Arthur McDonald of Canada and Takaaki Kajita of Japan won the Nobel Prize in physics, for their experiments which showed that neutrinos change identities.
Kajita is a professor at Tokyo university and director of the Institute for Cosmic Ray Research. While McDonald is a professor emeritus at Queen’s University in Kingston, Canada.
The press release said, “The prize was awarded for the discovery of the neutrino oscillations, which shows that neutrinos have mass. This discovery has changed the understanding of the innermost workings of matter and can prove crucial to our view of the universe.”
When coming to Japan's Super-Kamiokande neutrino detector, Kajita discovered that neutrinos from the atmosphere switch between two identities.
Coming to the Mc Donald research group, it demonstrated that, the neutrinos from the Sun were not disappearing on their way to the earth. When arriving to the Sudbury Neutrino Observatory, they were captured with a different identity.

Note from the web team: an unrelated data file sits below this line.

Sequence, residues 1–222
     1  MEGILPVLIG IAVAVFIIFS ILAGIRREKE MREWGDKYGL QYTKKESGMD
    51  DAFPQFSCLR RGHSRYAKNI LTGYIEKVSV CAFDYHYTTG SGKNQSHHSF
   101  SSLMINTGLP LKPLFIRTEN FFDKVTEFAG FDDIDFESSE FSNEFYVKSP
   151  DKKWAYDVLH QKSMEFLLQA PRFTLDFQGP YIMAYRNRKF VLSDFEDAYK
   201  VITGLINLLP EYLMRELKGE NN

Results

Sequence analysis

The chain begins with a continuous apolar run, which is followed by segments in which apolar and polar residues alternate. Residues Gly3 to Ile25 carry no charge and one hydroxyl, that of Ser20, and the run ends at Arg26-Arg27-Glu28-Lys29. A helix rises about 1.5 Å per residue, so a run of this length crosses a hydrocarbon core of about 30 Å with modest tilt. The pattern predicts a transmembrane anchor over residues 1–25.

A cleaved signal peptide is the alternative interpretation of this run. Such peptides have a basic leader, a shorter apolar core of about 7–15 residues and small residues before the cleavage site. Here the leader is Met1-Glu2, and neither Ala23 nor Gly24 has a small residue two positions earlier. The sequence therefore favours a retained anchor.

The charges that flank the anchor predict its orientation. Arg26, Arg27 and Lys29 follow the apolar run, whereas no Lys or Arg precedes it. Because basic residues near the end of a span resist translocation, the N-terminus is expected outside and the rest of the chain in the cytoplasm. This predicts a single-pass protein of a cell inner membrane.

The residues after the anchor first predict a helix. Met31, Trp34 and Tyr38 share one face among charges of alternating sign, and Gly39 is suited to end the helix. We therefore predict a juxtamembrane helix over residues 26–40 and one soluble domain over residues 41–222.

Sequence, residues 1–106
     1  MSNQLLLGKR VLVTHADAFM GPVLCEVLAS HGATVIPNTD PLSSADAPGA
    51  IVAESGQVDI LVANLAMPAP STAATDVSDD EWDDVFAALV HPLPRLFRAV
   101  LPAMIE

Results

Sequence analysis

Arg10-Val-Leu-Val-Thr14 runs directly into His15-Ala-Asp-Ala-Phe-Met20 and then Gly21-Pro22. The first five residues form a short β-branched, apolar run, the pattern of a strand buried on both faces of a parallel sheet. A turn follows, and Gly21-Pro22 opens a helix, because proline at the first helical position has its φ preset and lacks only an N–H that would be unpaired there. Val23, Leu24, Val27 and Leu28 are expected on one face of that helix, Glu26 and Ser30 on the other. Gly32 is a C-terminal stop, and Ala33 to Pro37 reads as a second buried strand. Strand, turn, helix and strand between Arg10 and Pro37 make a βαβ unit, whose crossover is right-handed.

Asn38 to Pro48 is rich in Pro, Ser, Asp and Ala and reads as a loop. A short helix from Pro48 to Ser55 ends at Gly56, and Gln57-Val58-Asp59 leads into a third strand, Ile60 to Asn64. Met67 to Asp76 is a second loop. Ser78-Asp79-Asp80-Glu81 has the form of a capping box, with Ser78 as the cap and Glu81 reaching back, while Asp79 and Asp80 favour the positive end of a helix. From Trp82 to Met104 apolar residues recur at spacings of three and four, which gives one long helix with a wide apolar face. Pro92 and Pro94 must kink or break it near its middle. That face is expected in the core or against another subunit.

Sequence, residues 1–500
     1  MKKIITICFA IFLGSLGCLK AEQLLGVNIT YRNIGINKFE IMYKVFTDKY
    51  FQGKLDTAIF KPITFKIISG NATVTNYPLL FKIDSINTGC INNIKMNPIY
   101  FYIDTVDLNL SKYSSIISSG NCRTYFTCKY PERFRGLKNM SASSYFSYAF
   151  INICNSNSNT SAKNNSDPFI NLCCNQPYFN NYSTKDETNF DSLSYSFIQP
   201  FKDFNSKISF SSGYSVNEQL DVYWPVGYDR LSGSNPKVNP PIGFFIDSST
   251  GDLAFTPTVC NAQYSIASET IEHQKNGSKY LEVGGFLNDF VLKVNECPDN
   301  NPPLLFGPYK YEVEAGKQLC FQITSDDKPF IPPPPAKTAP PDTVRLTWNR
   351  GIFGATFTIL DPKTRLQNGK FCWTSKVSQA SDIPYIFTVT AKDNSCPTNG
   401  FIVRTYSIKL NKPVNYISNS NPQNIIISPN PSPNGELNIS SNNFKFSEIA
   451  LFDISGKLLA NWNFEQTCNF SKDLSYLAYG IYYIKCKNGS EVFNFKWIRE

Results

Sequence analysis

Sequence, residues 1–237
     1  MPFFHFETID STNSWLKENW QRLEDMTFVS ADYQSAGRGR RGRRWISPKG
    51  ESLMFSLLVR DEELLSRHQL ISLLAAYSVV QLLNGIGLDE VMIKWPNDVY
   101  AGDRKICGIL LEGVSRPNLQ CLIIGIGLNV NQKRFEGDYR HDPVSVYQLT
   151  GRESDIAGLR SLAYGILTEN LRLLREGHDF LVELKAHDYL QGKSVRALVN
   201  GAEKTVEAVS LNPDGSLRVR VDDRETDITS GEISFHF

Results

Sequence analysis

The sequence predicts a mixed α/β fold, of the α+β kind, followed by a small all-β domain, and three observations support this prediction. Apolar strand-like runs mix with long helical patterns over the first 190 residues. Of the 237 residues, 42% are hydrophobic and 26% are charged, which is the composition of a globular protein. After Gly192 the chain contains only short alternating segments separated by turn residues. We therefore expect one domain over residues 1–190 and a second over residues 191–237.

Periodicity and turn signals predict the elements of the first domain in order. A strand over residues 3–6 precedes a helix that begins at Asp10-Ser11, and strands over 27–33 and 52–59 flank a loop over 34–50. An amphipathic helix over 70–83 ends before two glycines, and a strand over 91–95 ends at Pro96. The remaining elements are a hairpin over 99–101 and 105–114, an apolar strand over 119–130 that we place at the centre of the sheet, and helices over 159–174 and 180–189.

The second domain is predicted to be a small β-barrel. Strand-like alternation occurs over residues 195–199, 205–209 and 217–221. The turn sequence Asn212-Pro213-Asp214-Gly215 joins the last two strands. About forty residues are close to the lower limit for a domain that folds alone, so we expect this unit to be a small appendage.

The press release further said, "When theoretical calculations of the number of neutrinos are compared, up to two thirds of the neutrinos were missing in measurements that are performed on the earth.
“Now, the experiments found out that the neutrinos had changed the identities. The discovery made a conclusion that neutrinos were considered as massless and opined that, there should be some mass, however small they are,” the press release added.
Both the winners will share equally the prize money of 8 million Swedish kronor (nearly $960,000). On the occasion of the death anniversary of Alfred Nobel on December 10th, The both winners will even get a gold medal and diploma at the annual award ceremony, along with the prize money.
By Phani Ch